IMG_6697 2

New Teachers Join English Department

(L-R) Mrs. Conroy and Ms. Merritt are excited about their positive relationships with their students and becoming part of the community. Photo: Jill Rawls

As the Pace upper school students adjust to the school year, an influx of new teachers begins adapting to a new environment as well. Among these new teachers are two assets to the English department: 10th grade teacher Hayley Conroy and ninth grade teacher Selby Merritt. Both Mrs. Conroy and Ms. Merritt settle into Pace after previously teaching at public schools.

Mrs. Conroy was initially unsure whether or not she was comfortable making the switch to being an independent school teacher, but when she came to Pace she “was immediately blown away by the friendliness and openness of the students and the teachers.” Mrs. Conroy earned her bachelor’s degree in literature from the University of Maryland and her master’s degree in teaching from Georgia State University before she began teaching English at Northview High School.

Coming from a public school and grading about 160 essays every two weeks, Mrs. Conroy felt that due to the overwhelming volume of papers to review, she couldn’t give her students all the feedback they needed. “I knew that having fewer students and more time to think about what I wanted to give them to help them with their writing was what I needed,” said Mrs. Conroy.

Along with teaching both CP and Honors English classes to sophomores, Mrs. Conroy teaches a creative writing class. This year marks her first time teaching such a class, but she majored in creative writing in college. “[Teaching it] is basically my dream come true… because it’s my first love,” said Mrs. Conroy. Her students are loving this class as well. “I really enjoy reading and writing stories in the class because it allows me to let my creativity flow,” said senior Leah Jones.

In addition to writing, especially fiction, Mrs. Conroy enjoys singing in the Atlanta Master Chorale. She wants her students to leave her class possessing a greater admiration for language. “I hope that [my students] come away from my class with at least one book that they really love that kind of helps build a foundation of who they are,” she said.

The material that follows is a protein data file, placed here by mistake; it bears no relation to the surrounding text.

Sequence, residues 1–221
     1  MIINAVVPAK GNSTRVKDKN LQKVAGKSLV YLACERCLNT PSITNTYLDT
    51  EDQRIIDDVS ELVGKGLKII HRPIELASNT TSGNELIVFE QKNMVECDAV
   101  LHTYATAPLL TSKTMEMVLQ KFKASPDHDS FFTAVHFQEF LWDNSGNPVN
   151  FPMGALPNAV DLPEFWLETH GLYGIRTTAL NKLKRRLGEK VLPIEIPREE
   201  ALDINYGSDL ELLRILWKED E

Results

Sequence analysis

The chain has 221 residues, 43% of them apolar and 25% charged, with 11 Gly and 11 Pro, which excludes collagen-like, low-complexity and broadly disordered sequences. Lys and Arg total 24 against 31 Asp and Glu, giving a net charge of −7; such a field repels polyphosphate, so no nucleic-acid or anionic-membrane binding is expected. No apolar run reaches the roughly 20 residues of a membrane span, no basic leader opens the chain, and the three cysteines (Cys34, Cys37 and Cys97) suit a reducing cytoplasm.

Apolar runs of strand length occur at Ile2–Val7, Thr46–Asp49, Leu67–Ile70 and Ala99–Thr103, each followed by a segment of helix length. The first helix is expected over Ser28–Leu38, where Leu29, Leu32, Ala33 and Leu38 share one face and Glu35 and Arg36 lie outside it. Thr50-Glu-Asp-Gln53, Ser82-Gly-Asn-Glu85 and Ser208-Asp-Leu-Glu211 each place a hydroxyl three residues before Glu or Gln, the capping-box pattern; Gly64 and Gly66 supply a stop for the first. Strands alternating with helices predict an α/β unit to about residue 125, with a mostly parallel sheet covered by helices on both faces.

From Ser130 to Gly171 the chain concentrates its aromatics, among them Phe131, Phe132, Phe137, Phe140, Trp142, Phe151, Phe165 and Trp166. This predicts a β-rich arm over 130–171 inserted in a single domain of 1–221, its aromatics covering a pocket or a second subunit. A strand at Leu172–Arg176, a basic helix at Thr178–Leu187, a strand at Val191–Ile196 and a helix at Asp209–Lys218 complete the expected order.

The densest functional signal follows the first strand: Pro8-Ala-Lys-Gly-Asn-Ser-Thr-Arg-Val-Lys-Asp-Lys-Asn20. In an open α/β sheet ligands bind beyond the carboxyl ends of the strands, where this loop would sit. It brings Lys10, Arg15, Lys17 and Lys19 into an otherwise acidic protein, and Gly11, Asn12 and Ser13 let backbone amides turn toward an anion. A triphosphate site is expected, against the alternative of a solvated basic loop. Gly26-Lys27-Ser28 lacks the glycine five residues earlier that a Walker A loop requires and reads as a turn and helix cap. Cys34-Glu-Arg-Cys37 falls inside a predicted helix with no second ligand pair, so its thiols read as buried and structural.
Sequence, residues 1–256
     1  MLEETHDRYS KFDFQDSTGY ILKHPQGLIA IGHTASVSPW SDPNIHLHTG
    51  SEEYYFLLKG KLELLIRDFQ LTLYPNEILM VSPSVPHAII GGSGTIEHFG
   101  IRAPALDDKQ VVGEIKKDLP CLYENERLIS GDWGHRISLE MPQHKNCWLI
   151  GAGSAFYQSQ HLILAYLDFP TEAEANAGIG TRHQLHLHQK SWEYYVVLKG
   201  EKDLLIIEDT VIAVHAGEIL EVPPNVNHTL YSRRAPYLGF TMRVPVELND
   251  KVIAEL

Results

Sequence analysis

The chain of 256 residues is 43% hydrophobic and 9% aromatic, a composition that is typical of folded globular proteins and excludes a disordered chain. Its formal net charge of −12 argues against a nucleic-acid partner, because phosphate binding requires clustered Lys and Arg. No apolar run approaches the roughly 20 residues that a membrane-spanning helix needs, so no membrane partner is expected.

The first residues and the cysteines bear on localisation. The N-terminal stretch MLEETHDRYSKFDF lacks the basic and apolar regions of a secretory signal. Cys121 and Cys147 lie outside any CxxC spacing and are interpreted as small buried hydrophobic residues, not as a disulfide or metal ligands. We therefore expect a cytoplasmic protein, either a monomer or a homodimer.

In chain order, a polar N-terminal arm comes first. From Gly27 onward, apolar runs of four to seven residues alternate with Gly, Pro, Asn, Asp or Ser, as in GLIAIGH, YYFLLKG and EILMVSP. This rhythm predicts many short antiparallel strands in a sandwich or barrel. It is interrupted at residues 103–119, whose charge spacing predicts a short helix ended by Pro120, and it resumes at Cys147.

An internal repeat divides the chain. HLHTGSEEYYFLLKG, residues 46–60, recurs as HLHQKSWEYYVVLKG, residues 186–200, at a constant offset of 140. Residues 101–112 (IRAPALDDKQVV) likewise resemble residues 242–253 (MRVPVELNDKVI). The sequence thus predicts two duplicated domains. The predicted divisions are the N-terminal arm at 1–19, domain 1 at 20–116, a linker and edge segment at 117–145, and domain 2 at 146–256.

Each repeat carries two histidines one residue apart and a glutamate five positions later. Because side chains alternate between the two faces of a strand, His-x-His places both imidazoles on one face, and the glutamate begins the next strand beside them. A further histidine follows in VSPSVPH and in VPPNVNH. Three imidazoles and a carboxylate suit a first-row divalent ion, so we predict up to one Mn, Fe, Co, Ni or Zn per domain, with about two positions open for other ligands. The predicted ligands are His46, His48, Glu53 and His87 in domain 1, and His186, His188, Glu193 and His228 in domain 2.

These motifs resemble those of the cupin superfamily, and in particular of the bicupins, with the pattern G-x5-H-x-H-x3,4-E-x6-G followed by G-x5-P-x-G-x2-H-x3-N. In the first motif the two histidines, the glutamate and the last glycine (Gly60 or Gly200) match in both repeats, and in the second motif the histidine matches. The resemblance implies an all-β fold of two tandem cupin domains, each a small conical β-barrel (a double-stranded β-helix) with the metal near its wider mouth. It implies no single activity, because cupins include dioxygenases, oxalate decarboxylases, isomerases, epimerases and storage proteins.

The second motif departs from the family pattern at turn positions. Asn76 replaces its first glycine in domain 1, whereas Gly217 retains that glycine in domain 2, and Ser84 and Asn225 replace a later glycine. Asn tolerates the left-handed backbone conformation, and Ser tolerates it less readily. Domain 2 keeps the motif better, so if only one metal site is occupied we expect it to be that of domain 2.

Ms. Merritt, a native Atlantan and a lifer at Lovett, graduated Magna Cum Laude from the University of Georgia and then attended Georgia State University to earn a Master of Arts degree. At UGA she served as captain of the National Champion Equestrian Team in 2014, and she still enjoys visiting the team and riding on the side.

Ms. Merrit has taught students in three big transition years. She started out teaching seniors at Grady High School, then taught sixth graders at Dickerson Middle School, and now teaches freshman English classes at Pace. Although she teaches different subject matter, she feels there are many similarities because she is helping “coach these kids through transitions.” However, while in previous years she has had as many as 155 students, now she has about 55. “I’m excited to get close to my students,” said Ms. Merritt. “[I] have the option and the ability to really get to know them and also get to watch them as they go through the rest of their high school career and on to college.”

Ms. Merrit has always been interested in teaching in an independent school, but she was particularly interested in Pace. “I love the freedom [Pace] allows both its teachers and students to really learn,” said Ms. Merritt. “You’re not teaching to a test and you’re not teaching how to perform on standardized tests; you’re really just teaching the process of how to become an educated adult and really apply your writing to real world scenarios.”

Ms. Merrit has been very impressed by her students so far. “[They have an] interest in not only the subject matter and being successful but really connecting with their teachers,” she said. “They see our relationship as more of an investment instead of just a… [class] with an expiration date in May.” Likewise, her students have been impressed by her class. “I always look forward to her class,” said freshman Dylan Baker. “She’s always helpful and open to everyone’s ideas… [and she] always invites us into a class conversation without it being uncomfortable or awkward.”